Coast KZN

21 May 2023

World set to breach 1.5ºC threshold by 2027 – scientists

Dominic Naidoo (IOL) Picture: REUTERS/Amanda Perobelli/File Photo. A crushed bottle is seen on the dry ground of the Jaguari dam, which is part of the Cantareira reservoir system, during a drought in Joanopolis, near Sao Paulo, Brazil, October 8, 2021.

The El Niño phenomenon along with human-caused climate fluctuations, according to a UN agency, could drive temperatures into “uncharted territory” within the next 5 years. Scientists have warned that the world will almost certainly experience new temperature records within the next five years, with the mercury likely to rise by more than 1.5ºC above pre-industrial levels.

According to research conducted by the UN’s World Meteorological Organisation (WMO), the breach of the crucial 1.5ºC threshold, which scientists have warned could have catastrophic consequences, should be transitory. The WMO warned that it would represent a marked acceleration of human impacts on the global climate system and propel the world into an “uncharted territory” of extreme and frequent weather phenomena the likes of which we may not be prepared for.

In accordance with the Paris climate agreement of 2015, countries have pledged to try to keep global temperatures below 1.5ºC above pre-industrial levels, based on scientific advice that warming above that level would unleash a cascade of progressively catastrophic and potentially irreversible consequences.

Prof Petteri Taalas, secretary-general of the World Meteorological Organisation, stated, “this report does not indicate that we will perpetually exceed the 1.5ºC specified in the Paris agreement, which refers to long-term warming over many years”. “However, the WMO is ringing the alarm that we will temporarily exceed the 1.5ºC threshold with increasing frequency.”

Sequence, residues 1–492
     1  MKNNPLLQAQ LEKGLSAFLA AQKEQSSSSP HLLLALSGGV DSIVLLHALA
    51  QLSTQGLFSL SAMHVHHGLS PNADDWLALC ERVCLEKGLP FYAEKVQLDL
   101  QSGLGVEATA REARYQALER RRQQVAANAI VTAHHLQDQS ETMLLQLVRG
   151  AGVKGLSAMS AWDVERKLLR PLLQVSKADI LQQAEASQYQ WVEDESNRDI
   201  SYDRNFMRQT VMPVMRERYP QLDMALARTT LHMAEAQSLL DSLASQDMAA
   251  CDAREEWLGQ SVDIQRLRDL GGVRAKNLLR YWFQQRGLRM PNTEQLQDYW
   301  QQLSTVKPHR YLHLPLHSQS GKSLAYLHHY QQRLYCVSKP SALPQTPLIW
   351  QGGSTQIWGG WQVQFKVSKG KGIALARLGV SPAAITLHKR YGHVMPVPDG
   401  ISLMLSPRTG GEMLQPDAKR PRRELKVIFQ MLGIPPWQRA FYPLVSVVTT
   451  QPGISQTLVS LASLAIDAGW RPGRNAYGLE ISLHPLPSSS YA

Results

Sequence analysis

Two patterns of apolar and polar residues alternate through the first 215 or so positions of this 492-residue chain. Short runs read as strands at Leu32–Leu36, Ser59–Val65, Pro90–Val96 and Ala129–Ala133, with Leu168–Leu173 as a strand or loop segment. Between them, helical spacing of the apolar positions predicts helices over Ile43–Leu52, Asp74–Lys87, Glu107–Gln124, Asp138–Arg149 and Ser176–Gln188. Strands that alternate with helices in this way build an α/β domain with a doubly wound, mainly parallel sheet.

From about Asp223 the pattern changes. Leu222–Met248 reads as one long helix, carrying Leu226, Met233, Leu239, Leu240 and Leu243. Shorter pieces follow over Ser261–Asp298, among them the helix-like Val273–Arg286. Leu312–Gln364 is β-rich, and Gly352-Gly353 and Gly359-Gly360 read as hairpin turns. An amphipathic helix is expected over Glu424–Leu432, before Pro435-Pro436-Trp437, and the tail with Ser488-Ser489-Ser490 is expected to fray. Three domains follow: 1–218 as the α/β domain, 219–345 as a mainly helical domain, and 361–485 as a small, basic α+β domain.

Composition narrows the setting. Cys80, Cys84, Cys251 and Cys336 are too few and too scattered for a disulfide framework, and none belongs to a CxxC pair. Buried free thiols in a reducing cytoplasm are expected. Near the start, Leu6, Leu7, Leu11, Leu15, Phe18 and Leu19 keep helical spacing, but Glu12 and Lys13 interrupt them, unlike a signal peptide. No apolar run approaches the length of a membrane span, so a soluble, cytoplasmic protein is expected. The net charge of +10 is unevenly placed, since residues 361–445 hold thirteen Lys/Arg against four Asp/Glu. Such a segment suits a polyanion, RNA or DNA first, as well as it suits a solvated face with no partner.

Global average surface temperatures have never previously surpassed 1.5ºC. The highest previous average was 1.28ºC above pre-industrial levels. There is a 66% chance of exceeding the 1.5ºC threshold in at least one year between 2023 and 2027, according to the report published on Wednesday.

The past year’s heat waves set new records in many parts of the world, but according to the report, those highs may only be the beginning, as climate collapse and the impact of a developing El Niño weather system combine to create heat waves around the world.

El Niño is a component of a weather system that oscillates in the Pacific. La Niña, the opposing phase, has had a cooling effect on global temperature increases during the past three years. As La Niña ends and a new El Niño develops, scientists discovered that there is a 98% chance that at least one of the next five years will be the warmest on record.